iCloud is a great take on making the Cloud more accessible. Not only does it allow you 5GB of cloud storage to back up your app data (think saved games), Camera Roll, and device settings, but it makes back-ups almost effortless after you tick the “iCloud Backup” switch in the new settings page (Settings -> […]
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Watch Out For Invisible Bandwidth Drain During iCloud Backups

iCloud is a great take on making the Cloud more accessible. Not only does it allow you 5GB of cloud storage to back up your app data (think saved games), Camera Roll, and device settings, but it makes back-ups almost effortless after you tick the “iCloud Backup” switch in the new settings page (Settings -> iCloud -> Storage & Backup). It’s also a pretty intelligent backup, since it will only send the data that differs between different backups, and not re-upload everything on your device every time.

Once iCloud Backup is on, your device will attempt to back up once a day while it is on Wi-Fi and attached to a charger.

 

Invisible Backup!

Here’s the kicker, though: iCloud doesn’t tell you when it’s backing up. Unlike with the awesome new Wi-Fi Sync in iOS 5, there is no status bar indicator to notify you that a helluvalot of data is being passed through your iPhone or iPad at the moment. This doesn’t seem like it should matter, but I’ve noticed over the past few weeks that it can drain your bandwidth to almost nothing during the backup process. I have a 12 Mbps Down and 512 Kbps Up cable connection from Rogers and whenever one of my devices starts to back up over iCloud, my surfing and downloading speed slows to < 1 Mbps, which just feels dog slow. At first, I thought this was due to Rogers being unreliable, but then I connected the dots and remembered that I had plugged my iOS device in shortly before the Internet slowed to a crawl. Thankfully, you can interrupt iCloud backups right from your device settings.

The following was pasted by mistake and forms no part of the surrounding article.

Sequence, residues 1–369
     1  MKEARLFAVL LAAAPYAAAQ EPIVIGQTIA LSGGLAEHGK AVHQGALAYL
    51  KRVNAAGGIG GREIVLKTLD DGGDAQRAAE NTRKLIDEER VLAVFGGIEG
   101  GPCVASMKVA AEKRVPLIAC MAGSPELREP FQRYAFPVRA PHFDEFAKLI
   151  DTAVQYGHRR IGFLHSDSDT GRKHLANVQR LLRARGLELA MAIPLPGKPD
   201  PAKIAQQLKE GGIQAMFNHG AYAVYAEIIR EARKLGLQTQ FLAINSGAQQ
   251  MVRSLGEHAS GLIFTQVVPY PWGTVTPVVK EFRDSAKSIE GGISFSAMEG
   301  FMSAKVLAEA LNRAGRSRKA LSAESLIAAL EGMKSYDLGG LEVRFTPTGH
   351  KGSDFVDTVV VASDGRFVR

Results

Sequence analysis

The drain on bandwidth will last only as long as your iCloud backup takes, which is not terribly long (10–20 minutes) if your backups are in the hundreds of Megabytes, but it’s something that Apple could have done a better job informing us of. A simple status bar indicator would have sufficed.

 

Manage Storage

If you have a lot more on your device, you might consider managing storage in the settings (Settings -> iCloud -> Storage & Backup -> Manage Storage -> [Device Name]). This will allow you to tell iCloud which app data to back up to the cloud, and if you’re selective about this, the resulting iCloud backups should be a lot smaller. I tend to turn off backups for apps like ComicZeal and MangaRock, since the content there can always be re-downloaded later.

 

Manual iCloud Backup

If you’re uncomfortable with having to watch out for when iCloud backups may or may not start (ideally, they’d try to back up overnight…), you can force the issue by initiating a backup manually, which can even work over 3G. The button for this is in the Storage & Backup – just make sure to scroll all the way down to the bottom.

 

Or Back Up to iTunes Instead

If all of this just sounds like a hassle, keep in mind that your regular ol’ iTunes Backup is still an option. In fact, with the new Wi-Fi Sync in iOS 5, it’s even easier than ever to keep all of your data backed up and in sync (good grief, I sound like an Apple ad). Just keep in mind that you’ll need to sync via USB once before you can set up Wi-Fi Sync with your machine. [Update: It also seems that iTunes Backup may only work over USB – see Matt’s comment below.]

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